The entrepreneur wants to more than double his team to a dozen people by the end of the year. The personnel search takes a lot of time and thus resources, which Kirschen would rather put into product development. “We could be much faster if we got enough suitable staff,” he says.
Little competition among graduates
According to him, not only candidates are missing. Many young people are not very motivated. “The European applicants can now choose the jobs. There is no competition among each other.“ If you are looking for a job from nine to five, you are out of place at a start-up like Semron.
The requirements are high – and the image of the industry needs to be improved. Compared to other tech sectors and the automotive industry, the chip industry is not very productive as an employer, according to the consulting firm McKinsey. Strengthening one’s own brand could be a first step for companies to change this. “Companies may also need to review compensation, learning and development opportunities to ensure they are on par with companies in other industries,” the experts said.
The situation will not improve in the foreseeable future. “There are too few new talents coming in,” says Alfred Hofmann, spokesman for the newly founded Bavarian Chip Alliance. The initiative, launched by the Free State, is intended to promote the semiconductor industry in Bavaria.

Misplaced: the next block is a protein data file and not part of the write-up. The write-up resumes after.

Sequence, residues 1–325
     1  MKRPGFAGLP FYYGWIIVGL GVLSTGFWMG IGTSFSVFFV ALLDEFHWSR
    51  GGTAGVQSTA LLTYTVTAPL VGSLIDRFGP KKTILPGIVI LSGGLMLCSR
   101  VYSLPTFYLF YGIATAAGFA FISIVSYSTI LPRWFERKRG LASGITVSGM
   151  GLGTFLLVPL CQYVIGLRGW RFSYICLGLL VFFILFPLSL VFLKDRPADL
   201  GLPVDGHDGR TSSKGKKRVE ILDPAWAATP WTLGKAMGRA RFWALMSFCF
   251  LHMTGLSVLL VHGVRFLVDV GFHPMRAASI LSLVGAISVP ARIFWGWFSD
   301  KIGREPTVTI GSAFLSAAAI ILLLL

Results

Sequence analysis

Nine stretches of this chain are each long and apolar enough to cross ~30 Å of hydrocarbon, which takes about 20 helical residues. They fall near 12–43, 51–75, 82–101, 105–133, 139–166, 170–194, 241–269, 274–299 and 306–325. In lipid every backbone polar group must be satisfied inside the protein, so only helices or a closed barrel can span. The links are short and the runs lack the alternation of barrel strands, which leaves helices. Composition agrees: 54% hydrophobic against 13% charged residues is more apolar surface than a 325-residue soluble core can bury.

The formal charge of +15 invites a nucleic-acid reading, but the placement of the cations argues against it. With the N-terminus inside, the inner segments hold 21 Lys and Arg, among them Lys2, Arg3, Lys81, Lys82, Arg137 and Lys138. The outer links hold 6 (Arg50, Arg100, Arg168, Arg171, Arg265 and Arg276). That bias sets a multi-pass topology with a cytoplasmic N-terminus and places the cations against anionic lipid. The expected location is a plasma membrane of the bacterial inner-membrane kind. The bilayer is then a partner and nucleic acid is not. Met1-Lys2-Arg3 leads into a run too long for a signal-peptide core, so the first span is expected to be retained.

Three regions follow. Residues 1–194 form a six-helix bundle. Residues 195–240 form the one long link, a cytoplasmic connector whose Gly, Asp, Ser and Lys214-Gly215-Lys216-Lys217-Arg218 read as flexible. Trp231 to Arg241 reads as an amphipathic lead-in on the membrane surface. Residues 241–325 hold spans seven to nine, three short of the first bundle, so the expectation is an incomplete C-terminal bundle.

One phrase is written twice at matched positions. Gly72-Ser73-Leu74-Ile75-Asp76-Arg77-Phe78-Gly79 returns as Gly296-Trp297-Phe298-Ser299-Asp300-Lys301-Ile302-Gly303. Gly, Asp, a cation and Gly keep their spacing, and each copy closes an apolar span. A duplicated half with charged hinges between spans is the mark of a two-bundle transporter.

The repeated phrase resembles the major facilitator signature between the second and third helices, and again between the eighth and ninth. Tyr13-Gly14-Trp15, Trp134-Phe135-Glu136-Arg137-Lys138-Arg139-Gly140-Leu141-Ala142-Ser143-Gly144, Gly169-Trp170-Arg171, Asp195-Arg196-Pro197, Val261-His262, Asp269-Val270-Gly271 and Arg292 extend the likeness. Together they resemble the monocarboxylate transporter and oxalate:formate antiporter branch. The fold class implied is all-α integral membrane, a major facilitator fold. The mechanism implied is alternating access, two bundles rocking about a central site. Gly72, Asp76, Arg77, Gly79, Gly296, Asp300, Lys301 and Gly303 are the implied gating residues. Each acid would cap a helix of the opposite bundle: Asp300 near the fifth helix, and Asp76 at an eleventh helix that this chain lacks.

Bavaria’s Minister of Economic Affairs Hubert Aiwanger considers the industry to be crucial to counter the shortage of workers in other areas. Chips are essential to drive automation forward – the most important answer to the scarce staff in the eyes of the politician.
It is worrying that many experts in chip design will retire in the next few years, warns Intel manager Eisenschmid. They are the basis for the entire industry. Therefore, it is important to “massively build up competencies in chip design” in Germany. In Bavaria, they are currently considering setting up their own design academy.
One thing is clear: semiconductor companies need more and more people. The industry association Silicon Saxony estimates that around 100,000 people will be working in the microelectronics and communications industry in Saxony alone by 2030 – 27,000 more than today.
The Federal Association of German Industry (BDI) is calling for special courses of study for chips – and on a large scale. According to the BDI, a new semiconductor factory would normally employ around 2,000 highly qualified people. In order to achieve the goal of 20 percent global market share, Europe needs a whole armada of additional factories – the Intel location in Magdeburg is just the beginning.
In addition, it is important to attract experts from other parts of the world, says the BDI. Founder Kirschen, however, believes that this is not expedient: “Germany has a demographic problem, and we cannot solve this in the long term by immigration of top specialists or automation.“
The reason: “Other countries will also be able to automate – and the potential that has been freed up will then be invested in innovations for which we lack the talents here.“
For the young entrepreneur, there is no way around a quick and decisive shift at the universities: towards microelectronics.